Conversation Claude Camuset


sheath art



Why did you choose this profession?

I learned the work from my father, who was a gilder. My grandfather, was a leather gilder. I am the third generation of craftsmen in a profession that dates back to the sixteenth century. It is a very tactile job in which you touch the material... I define myself as a contributor; people come to me to benefit from my skills. My work is never routine: it varies from cladding normal furniture to a tribal chair or leather tiles for the floor. What matters to me is creating, developing and inspiring others.

Since when have you been working with La Chaiserie landaise?

Our first collaboration was two years ago; I worked with Christelle Le Déan in her project of a lounge chair model for the Hossegor collection, and the armchair in the Intersection collection. The production of a lounge chair takes about three hours. It progresses in five steps: cutting, setting, assembling, gluing and sewing.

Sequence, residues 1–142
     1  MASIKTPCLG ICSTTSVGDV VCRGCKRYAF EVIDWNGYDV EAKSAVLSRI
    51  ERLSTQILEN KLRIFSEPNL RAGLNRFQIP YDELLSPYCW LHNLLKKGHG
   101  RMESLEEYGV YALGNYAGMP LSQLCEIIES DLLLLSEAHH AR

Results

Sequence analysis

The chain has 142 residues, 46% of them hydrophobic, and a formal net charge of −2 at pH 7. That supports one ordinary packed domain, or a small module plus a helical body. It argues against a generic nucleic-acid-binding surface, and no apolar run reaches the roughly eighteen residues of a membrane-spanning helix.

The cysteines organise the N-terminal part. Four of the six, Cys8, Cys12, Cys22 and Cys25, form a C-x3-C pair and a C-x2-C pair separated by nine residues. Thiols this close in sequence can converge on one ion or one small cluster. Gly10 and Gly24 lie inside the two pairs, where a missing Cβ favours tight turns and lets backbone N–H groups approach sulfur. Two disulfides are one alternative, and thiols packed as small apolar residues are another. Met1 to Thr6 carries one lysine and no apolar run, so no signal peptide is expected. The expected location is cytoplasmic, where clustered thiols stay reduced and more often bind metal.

The assembling of the chair is done in the workshop of La Chaiserie landaise. I only take care of the application of the leather on the seat.

What does this collaboration
bring you?

I love challenges taking me far
from my usual work: cladding and saddlery. It is interesting to meet
a designer's demand, because it requires research. I even updated my knowledge and skills during
this collaboration.

You participated in the latest Maison & Objet exhibition (Home and household exhibition). What is your opinion on Today's creations?

I notice a tendency for the use of leather, but also for the use of imitation leather. Ever since that exhibition, I've had a growing demand from people wanting their furniture clad. Today's interior uses
a lot of leather. This matches the "cocooning" phenomenon.

Leather has a sweet fragrance with, sometimes, a stronger glue or wax dominance. It also awakens the senses; the first one being the sight. Then comes the touch: this is when I can find any defect eg: a weakness in the skin.